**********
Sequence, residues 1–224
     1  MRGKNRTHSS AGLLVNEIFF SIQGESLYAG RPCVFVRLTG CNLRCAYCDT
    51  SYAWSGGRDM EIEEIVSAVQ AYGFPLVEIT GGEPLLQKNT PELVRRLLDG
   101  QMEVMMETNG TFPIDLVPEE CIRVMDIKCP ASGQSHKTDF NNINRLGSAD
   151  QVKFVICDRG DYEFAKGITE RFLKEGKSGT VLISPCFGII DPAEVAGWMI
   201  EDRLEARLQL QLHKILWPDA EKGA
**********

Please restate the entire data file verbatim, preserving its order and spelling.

Sequence, residues 1–224
     1  MRGKNRTHSS AGLLVNEIFF SIQGESLYAG RPCVFVRLTG CNLRCAYCDT
    51  SYAWSGGRDM EIEEIVSAVQ AYGFPLVEIT GGEPLLQKNT PELVRRLLDG
   101  QMEVMMETNG TFPIDLVPEE CIRVMDIKCP ASGQSHKTDF NNINRLGSAD
   151  QVKFVICDRG DYEFAKGITE RFLKEGKSGT VLISPCFGII DPAEVAGWMI
   201  EDRLEARLQL QLHKILWPDA EKGA